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A review of psychosocial interventions targeting families of children with cancer.
Palliat Support Care. 2020 Jul 02 [Online ahead of print]PS

Abstract

OBJECTIVE

Psychosocial interventions in families of children with cancer are considered an effective way of empowering family members to tackle the complex hurdles they face. The ability of parents to develop adaptive coping strategies during the child's treatment is not only important to their own mental and physical health, but also to their child's well-being and long-term adjustment with the disease.

METHODS

The aim of this review was to evaluate the existing literature for the period from 2009 to 2017 on psychosocial interventions targeting families of children with cancer. We searched the PubMed database using the following combination of keywords: "cancer AND children AND (intervention OR training) AND (mothers OR primary caregivers OR parents OR fathers OR siblings)."

RESULTS

After careful evaluation of 995 papers, 17 full-text papers were found to match our criteria (12 randomized controlled trials and 5 quasi-experimental studies). The quality of the studies was assessed using the Delphi score questionnaire, and the score of the reviewed studies ranged from 3 to 5. The findings suggest that most interventions reduced distress and improved coping strategies among participants. Interventions, mainly cognitive behavioral therapy and problem-solving skills training targeting maternal distress, were associated with improved adjustment outcomes in mothers of children with cancer.

SIGNIFICANCE OF RESULTS

Psychosocial interventions are helpful, and efforts should be made to promote them in a larger scale. Protocols should be implemented to ensure that all parents benefit. Computer-assisted methods may provide additional benefit by improving cancer-related knowledge and cancer-related communication.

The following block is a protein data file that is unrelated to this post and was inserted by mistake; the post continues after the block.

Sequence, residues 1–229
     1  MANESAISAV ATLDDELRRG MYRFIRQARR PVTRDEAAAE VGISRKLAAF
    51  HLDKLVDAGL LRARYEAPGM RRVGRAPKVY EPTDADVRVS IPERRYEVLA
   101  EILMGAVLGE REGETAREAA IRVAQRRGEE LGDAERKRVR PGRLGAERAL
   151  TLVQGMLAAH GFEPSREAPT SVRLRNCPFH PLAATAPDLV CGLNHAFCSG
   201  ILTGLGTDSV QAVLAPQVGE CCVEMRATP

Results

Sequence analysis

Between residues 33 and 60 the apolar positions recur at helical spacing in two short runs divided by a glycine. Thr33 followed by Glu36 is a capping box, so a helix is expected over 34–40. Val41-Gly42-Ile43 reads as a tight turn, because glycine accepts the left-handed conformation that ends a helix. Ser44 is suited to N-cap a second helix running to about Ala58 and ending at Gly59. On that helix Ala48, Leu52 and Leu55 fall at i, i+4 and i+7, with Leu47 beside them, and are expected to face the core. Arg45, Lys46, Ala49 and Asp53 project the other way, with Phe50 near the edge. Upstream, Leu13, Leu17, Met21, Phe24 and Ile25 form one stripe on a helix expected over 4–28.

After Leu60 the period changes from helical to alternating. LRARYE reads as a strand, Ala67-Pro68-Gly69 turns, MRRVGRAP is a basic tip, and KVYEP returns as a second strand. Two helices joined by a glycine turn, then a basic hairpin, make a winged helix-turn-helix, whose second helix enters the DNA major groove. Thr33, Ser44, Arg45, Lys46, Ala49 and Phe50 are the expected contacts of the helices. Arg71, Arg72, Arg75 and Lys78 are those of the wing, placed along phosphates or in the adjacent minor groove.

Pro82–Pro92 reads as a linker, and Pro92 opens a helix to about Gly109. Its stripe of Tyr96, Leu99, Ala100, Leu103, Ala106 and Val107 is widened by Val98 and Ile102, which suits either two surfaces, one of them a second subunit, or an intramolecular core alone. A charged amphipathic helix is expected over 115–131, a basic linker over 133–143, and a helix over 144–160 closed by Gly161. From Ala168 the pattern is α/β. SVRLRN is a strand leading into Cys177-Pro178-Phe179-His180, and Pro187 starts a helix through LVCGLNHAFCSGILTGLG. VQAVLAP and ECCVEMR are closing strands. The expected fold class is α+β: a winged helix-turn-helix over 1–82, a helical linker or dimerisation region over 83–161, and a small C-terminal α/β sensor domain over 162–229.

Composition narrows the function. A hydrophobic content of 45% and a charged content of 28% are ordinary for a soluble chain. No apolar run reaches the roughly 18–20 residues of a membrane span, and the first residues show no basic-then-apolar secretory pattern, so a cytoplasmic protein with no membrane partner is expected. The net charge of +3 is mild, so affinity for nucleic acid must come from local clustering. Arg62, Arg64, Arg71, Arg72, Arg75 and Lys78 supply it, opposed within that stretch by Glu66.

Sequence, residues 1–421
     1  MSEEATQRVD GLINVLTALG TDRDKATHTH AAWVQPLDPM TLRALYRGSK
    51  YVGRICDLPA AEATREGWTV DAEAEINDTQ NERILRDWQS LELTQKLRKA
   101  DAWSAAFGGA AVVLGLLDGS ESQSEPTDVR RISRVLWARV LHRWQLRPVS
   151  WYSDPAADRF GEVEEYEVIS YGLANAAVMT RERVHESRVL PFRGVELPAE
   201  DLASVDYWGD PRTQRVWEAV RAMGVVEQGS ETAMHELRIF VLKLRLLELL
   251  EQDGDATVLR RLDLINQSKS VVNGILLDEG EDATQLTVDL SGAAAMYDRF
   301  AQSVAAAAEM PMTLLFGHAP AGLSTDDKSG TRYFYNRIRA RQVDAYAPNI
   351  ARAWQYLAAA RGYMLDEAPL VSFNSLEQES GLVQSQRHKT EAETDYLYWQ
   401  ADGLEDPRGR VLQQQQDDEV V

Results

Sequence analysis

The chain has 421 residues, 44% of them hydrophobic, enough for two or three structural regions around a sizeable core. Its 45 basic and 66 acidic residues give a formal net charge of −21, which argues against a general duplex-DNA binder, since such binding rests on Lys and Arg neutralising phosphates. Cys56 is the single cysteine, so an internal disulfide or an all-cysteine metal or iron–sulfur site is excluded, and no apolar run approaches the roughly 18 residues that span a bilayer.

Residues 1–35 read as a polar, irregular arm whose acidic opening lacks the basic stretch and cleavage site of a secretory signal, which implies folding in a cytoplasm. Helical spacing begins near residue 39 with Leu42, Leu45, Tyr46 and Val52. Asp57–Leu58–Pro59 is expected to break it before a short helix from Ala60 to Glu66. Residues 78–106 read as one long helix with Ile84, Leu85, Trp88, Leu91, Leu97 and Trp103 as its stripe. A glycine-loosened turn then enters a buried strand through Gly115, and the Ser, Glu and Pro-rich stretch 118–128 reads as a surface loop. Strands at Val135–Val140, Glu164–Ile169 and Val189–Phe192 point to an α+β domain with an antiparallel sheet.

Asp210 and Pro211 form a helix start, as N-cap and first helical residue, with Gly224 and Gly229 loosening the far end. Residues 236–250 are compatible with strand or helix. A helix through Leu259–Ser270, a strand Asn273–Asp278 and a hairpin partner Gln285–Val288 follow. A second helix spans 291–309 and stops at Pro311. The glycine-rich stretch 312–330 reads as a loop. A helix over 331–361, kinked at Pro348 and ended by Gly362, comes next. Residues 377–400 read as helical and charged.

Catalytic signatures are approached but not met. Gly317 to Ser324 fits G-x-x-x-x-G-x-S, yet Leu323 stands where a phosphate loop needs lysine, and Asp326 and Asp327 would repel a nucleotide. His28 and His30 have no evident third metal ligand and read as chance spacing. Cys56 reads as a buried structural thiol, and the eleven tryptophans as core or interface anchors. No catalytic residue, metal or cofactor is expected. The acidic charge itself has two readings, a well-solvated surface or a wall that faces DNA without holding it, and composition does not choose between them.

Authors+Show Affiliations

Hematology Oncology Unit, Fourth Department of Internal Medicine, National and Kapodistrian University of Athens, Medical School, Attikon Hospital, Athens, Greece.Science of Stress and Health Promotion Postgraduate Program, Medical School, National and Kapodistrian University of Athens, Athens, Greece.First Department of Pediatrics, Medical School, National and Kapodistrian University of Athens, "Aghia Sophia" Children's Hospital, Athens, Greece.Science of Stress and Health Promotion Postgraduate Program, Medical School, National and Kapodistrian University of Athens, Athens, Greece.Science of Stress and Health Promotion Postgraduate Program, Medical School, National and Kapodistrian University of Athens, Athens, Greece.Science of Stress and Health Promotion Postgraduate Program, Medical School, National and Kapodistrian University of Athens, Athens, Greece.

Pub Type(s)

Journal Article

Language

eng

PubMed ID

32613930

Citation

Koumarianou, Anna, et al. "A Review of Psychosocial Interventions Targeting Families of Children With Cancer." Palliative & Supportive Care, 2020, pp. 1-16.